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Activity Time: 30 minutes Recommended Grades: 1 - 8 Objective: Create a working compass using everyday materials. Then, design and conduct an experiment to test the accuracy of your homemade compass.
Needle (a 1” segment of a metal paperclip can also be used)
Dish, approximately 6 inches in diameter or larger (such as a pie plate)
Slice of cork or disc cut out from bottom of Styrofoam cup (essentially, a small object that will float)
Optional: reliable compass
It is important to first properly magnetize the needle that will be used. To magnetize the needle, rub the magnet along one side of the needle in the same direction (not back and forth) for approximately 30 seconds.
Fill your dish with 1 inch of water and place it on a flat surface.
If using a cork, push the needle through the edge of the cork, so that you have about the same length of needle exposed on each side. If using a Styrofoam disc, lay the needle (or paperclip) flat on top.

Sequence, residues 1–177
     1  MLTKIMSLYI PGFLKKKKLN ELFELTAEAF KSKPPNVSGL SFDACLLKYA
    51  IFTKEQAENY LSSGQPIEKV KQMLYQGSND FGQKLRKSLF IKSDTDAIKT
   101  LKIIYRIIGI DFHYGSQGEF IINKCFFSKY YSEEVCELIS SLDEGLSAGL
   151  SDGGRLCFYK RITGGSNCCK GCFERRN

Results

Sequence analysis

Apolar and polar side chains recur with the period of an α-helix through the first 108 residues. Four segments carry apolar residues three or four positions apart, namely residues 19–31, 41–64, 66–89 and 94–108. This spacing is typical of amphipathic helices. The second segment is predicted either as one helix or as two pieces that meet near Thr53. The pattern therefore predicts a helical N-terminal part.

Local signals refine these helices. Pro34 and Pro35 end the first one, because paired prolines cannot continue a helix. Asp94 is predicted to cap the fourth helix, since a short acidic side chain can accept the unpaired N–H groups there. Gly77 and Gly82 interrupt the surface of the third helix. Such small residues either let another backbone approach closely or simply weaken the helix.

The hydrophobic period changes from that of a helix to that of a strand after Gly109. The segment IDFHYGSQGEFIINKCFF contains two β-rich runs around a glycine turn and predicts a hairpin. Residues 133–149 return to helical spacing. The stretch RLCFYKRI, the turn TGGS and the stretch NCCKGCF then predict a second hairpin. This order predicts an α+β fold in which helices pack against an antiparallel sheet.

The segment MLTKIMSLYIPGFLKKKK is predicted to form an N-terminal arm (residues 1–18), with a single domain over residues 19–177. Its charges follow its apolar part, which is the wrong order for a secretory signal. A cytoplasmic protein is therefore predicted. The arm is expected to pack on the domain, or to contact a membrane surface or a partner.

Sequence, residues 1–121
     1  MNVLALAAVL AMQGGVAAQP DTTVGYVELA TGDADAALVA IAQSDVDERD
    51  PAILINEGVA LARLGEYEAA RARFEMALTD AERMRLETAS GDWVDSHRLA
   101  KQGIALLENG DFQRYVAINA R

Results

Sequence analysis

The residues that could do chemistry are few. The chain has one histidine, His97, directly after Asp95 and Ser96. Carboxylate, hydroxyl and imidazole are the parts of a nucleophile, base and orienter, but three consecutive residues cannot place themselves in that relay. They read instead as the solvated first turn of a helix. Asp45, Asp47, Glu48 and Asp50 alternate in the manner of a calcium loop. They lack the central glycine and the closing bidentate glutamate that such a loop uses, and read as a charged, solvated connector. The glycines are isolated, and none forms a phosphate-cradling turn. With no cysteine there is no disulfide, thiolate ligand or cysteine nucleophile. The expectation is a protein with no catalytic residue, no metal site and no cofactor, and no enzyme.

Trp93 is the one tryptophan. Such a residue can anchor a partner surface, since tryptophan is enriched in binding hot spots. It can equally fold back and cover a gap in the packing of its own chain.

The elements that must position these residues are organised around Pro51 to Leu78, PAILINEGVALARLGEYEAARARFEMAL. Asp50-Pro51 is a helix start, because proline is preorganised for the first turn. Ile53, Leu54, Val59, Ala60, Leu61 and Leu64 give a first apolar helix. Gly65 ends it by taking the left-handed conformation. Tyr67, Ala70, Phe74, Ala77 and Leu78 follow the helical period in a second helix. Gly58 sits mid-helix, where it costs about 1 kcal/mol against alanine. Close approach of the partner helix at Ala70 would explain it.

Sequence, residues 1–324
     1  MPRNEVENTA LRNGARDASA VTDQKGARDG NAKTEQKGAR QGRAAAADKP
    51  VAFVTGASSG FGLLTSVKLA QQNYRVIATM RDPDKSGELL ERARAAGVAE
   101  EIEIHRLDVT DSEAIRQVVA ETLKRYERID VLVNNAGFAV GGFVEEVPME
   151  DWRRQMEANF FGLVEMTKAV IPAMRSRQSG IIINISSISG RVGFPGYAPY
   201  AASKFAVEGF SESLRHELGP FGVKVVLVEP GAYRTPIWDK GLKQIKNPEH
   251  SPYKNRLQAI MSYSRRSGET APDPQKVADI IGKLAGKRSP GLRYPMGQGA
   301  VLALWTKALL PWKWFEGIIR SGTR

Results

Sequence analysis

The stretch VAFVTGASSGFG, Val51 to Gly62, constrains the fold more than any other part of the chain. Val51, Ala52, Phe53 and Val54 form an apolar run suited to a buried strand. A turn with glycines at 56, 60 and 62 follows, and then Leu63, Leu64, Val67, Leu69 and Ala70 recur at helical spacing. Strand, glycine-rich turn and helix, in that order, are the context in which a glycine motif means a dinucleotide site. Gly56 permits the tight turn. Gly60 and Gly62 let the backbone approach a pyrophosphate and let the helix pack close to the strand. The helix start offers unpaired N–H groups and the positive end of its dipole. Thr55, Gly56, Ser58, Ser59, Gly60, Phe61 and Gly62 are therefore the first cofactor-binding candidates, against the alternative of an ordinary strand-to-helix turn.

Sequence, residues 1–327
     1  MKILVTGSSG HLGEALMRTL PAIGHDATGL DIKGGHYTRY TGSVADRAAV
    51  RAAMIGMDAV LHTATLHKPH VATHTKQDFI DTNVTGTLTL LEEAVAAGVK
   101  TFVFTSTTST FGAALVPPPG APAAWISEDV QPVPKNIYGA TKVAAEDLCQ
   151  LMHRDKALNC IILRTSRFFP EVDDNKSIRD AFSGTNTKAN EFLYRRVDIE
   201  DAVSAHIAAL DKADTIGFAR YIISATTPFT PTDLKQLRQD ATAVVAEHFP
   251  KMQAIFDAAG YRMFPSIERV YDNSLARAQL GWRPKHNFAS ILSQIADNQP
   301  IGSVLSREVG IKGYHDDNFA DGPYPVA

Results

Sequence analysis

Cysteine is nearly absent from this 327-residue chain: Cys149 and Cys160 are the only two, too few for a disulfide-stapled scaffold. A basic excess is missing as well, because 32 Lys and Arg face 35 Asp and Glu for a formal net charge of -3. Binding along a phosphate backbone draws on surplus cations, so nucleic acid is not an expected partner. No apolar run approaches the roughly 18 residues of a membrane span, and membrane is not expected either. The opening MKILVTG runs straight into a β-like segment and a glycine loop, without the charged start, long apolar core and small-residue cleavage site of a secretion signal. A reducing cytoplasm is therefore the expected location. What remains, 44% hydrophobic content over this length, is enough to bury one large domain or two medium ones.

Place your float in your dish of water and observe. If the needle moves, as expected, construct an explanation for what happened. Where do you think the needle is pointing? If the needle did not move, define the problem and design a solution. Was your needle properly magnetized?
Once you have a working model, develop and conduct an experiment to test the accuracy of your device. As a suggestion, use a standard compass and compare readings. You can also use your knowledge of the movement of the sun (rises in east, sets in west) to determine where north is located. If available, a map of your home with a compass rose can also be used.
The rotational movement of liquid iron in the earth’s core generates electric fields, which in turn produces the earth’s magnetic field. Although the force this field exerts is weak in comparison to forces such as gravity or friction, it is strong enough to have an effect on magnets (such as the magnetized needle). In order to do so, however, we must reduce friction as much as possible. This is where the float comes in. By floating the magnet on water, we create a nearly frictionless surface. This allows the magnet to rotate freely. The magnet will align itself with the earth’s magnetic field, thus pointing toward the magnetic North Pole.